Music can be a great addition to any RP session. However, keeping an appropriate choice and volume of the music is essential. One DM I've played with in some D&D sessions likes to keep his iPhone handy with various movie soundtracks. Of course, the music of John Williams (Star Wars, Indiana Jones, etc.) is a common and very effective feature.
I need to keep things simple, so I will usually just use one or two albums. Play heavy metal when they fight. Play Ghost in the Shell soundtrack in a Sci-Fi setting, Ultima V soundtrack in old school fantasy settings, Vagrant Story soundtrack in a dungeon, an album by Lustmord when it gets very creepy, or some folk music when they don't fight.
A success story involved a fair being overrun by evil faery creatures. At first I played generic happy folk music, then I switched to Tom Waits's Black Rider album.
Another success story involved players reaching a door to some overpowered opposition. They did not know and debated the issue. I switched the music to Lustmord and suddenly they were afraid of opening the door. Good for them!
I've tuned a Pandora station. A bit of classical, a bit of matrixy stuff, string quartet covers of metal/rock tunes and some instrumental/electronic. It works pretty well, and I've been tuning it long enough that I almost never have to thumbs down a song anymore. When I get back to some serious GMing I think I'm going to split it into three stations "upbeat for battle", moderate/bland for travel/background and a eerie/spooky channel for adding tension when they're exploring tombs or the like.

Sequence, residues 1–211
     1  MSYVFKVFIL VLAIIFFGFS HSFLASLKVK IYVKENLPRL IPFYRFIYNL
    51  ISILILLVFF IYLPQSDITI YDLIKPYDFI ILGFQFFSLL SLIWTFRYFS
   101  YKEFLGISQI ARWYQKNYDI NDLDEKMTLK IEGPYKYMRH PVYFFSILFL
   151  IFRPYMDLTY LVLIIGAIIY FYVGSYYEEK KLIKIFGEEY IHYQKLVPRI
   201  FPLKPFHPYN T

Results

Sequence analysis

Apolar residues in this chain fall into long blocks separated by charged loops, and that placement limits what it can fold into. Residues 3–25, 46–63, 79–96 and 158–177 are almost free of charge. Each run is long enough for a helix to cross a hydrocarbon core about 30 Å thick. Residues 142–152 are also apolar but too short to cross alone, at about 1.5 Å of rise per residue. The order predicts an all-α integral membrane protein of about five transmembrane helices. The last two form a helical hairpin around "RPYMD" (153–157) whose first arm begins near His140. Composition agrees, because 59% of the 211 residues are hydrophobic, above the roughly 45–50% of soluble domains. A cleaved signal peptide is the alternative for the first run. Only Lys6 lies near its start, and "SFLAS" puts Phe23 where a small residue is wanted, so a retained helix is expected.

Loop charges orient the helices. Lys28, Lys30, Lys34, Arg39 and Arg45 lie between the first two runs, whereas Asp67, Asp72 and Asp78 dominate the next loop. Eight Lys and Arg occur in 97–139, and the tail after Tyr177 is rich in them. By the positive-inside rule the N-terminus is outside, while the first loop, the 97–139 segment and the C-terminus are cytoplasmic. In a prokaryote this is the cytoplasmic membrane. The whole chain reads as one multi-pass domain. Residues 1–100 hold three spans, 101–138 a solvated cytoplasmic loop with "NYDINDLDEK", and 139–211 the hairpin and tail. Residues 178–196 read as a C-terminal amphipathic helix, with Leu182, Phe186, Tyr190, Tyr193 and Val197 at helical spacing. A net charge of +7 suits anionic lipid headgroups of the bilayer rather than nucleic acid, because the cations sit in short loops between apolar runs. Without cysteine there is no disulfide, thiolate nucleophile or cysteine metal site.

I've done it in the past, and it works best, IMO, when using a computer to control the music. Just a soundtrack running music, not so much. And I'd save it for key scenes - the big fight, the romantic interlude, the secret meeting with the king's minister at the hole in the wall inn outside of town...
But, yes, I've used it, sparingly, and it does add to the experience.
We never used music to set the tone or anything like that, but we always had some album on in the background. Some of my favourite memories of Roleplaying are evoked when I listen to an old album (Guns and Roses - Appetite for Destructions, Mary Coughlan - Tired and Emotional, Cure - Love Cats - I'm aging myself here) and I remember a particular RPG scenario that we were involved in while listening.
Just stick something on, but down low so it doesnt interfere.
We normally have music on in the background, something that fits the game we're playing and sometimes to fit what we're doing. It's mostly there to set the underlying tempo and feel without being intrusive or dominating.
Sometimes a game becomes strongly linked to the music - I now can't listen to Nick Cave without thinking of Vampire campaigns.
One of our GM's collected a bunch of songs he thought would fit certain situations. He had them on his phone to play at key moments (death of a boss, etc.) I thought it was a failure because, even if I knew the song, I couldn't enjoy or even identify it because of the clipping (high volume setting on a very small speaker) and the three excited conversations going on at the same time.
Sometimes the girls will start a CD or a playlist on YouTube, but that, too, can be overwhelming in the heat of things or when half the party is distracted with a side conversation.